josh riddler wrote:any thoughts about using a heat conductor like cooper to speed up evap. process


....apparently you are thinking along those lines, do tell!
I did proposed a Fresnel lens evaporation greywater system (and aluminum can smelter) a few years back...



Did you get anywhere with the lens assist evap? The thought popped into my head awhile back but I had figured if it would work someone at Earth Guardians would have tried it already. I don't have access to lenses but was thinking of trying a "greenhouse" kind of enclosure. This would keep spray contained and possibly keep odors down some as well. The increased temp may or may not speed up evaporation.
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Postby MikeVDS » Wed Jun 20, 2007 7:45 am

From wikipedia:
http://en.wikipedia.org/wiki/Evaporation
Factors influencing the rate of evaporation

* Concentration of the substance evaporating in the air: If the air already has a high concentration of the substance evaporating, then the given substance will evaporate more slowly.
* Concentration of other substances in the air: If the air is already saturated with other substances, it can have a lower capacity for the substance evaporating.
* Flow rate of air: This is in part related to the concentration points above. If fresh air is moving over the substance all the time, then the concentration of the substance in the air is less likely to go up with time, thus encouraging faster evaporation.
* Concentration of other substances in the liquid: If the liquid contains other substances (such as salts), it will have a lower capacity for evaporation. This is due to Raoult's law.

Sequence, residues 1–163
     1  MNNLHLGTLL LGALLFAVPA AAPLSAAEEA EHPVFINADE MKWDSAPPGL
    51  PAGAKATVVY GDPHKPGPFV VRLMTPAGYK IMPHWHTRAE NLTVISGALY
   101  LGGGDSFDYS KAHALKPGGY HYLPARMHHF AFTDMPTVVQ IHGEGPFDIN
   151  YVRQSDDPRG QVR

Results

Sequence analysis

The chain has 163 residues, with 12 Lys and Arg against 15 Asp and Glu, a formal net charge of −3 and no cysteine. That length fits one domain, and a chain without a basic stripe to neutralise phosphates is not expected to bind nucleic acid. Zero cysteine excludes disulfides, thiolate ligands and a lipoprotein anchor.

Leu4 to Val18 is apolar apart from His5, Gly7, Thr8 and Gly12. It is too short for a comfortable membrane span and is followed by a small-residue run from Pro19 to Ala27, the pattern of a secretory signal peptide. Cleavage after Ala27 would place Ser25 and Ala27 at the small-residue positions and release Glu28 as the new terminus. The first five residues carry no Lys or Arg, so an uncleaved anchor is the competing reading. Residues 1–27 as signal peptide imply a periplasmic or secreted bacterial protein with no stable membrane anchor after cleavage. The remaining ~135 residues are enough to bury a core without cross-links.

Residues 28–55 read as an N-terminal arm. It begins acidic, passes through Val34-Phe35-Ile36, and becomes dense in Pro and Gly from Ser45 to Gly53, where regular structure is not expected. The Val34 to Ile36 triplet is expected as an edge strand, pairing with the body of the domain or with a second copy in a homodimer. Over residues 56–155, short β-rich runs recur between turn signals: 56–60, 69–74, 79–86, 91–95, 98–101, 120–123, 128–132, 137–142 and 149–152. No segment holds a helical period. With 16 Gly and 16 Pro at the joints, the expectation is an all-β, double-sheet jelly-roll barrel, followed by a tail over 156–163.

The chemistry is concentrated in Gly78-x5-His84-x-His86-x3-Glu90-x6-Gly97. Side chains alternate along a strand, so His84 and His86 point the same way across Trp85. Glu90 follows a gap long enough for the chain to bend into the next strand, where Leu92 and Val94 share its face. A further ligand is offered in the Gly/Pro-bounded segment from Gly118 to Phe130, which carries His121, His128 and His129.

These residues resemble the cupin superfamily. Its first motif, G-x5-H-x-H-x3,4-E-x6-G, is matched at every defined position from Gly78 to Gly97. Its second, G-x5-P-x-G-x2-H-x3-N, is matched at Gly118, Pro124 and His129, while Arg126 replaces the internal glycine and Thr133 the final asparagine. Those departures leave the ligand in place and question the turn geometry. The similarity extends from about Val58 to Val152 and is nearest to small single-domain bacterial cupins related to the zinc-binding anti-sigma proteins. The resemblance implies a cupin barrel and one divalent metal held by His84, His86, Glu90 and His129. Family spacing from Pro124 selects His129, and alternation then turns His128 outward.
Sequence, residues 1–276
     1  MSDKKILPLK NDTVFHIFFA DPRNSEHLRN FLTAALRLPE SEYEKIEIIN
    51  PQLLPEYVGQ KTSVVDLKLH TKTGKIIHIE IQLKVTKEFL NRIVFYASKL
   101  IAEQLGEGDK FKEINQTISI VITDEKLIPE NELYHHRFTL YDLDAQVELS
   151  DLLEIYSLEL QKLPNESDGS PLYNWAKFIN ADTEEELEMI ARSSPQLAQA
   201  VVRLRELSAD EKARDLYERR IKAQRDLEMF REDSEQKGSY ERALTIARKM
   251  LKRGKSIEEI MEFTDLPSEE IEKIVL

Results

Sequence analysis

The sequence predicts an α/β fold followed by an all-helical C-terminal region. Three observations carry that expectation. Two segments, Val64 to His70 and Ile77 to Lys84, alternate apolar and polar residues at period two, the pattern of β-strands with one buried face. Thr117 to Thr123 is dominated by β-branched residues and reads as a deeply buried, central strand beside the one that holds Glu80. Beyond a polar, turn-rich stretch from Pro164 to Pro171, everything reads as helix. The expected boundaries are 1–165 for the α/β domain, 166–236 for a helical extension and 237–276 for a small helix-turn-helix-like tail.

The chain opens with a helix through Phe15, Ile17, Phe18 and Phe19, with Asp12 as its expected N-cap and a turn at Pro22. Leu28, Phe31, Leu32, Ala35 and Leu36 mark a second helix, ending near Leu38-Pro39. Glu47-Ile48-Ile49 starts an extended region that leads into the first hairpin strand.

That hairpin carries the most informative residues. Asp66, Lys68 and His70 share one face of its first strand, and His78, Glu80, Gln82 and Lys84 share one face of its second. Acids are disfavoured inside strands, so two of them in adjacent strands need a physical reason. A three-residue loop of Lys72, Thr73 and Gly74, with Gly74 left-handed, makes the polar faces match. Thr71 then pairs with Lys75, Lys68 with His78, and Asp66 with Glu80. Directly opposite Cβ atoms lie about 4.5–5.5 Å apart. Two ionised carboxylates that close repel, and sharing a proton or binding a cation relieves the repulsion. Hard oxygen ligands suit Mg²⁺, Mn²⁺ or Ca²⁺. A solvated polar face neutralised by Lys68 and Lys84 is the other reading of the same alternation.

* Temperature of the substance: If the substance is hotter, then evaporation will be faster.
* Inter-molecular forces: The stronger the forces keeping the molecules together in the liquid state the more energy that must be input in order to evaporate them.
* Surface Area: A substance which has a larger surface area will evaporate faster due to the fact that there are more surface molecules which are able to escape.

There is more information, charts and formula for evap rate there too.

Good ideas but I'm not sure the copper or greenhouse will help. The greenhouse will keep relative humidity high which prevents evaporation(which I think is the point of a greenhouse?).

The copper in the water probably will not help much. You have a certain area of sunlight and absorb a certain amount of that light (which is why many people use black tarps). Unless the copper helps absorb more of the light, it's not increasing the energy of the system. If the copper is outside of the water area, then you are increasing the area of light you're absorbing, but then you have to ask why are you increasing the area with copper instead of with the water, which would probably give a better return in the first place. Also it could hurt you, acting as a heat sink for your water system. As you've probably noticed before, water in a dark container can get very hot in the sun. Adding surface area to the wind could actually leave your copper cooler than your water system and cool it. It could be done, but you'd probably have better results by just adding another bucket holding water.

The lens has the same problem with surface area. It's only taking in energy from it's cross sectional area facing the sun. If that interferes with light that would normally hit the water, there will be no net gain. The way you could get this to work, is that you can take a small amount and make it hot locally. The hotter you get the water the faster the increase in evaporation rate. So if your system is small relative to the lens, you could get an increase worth your while. Coupled with a float and fill system you might have a really efficient system.
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MikeVDS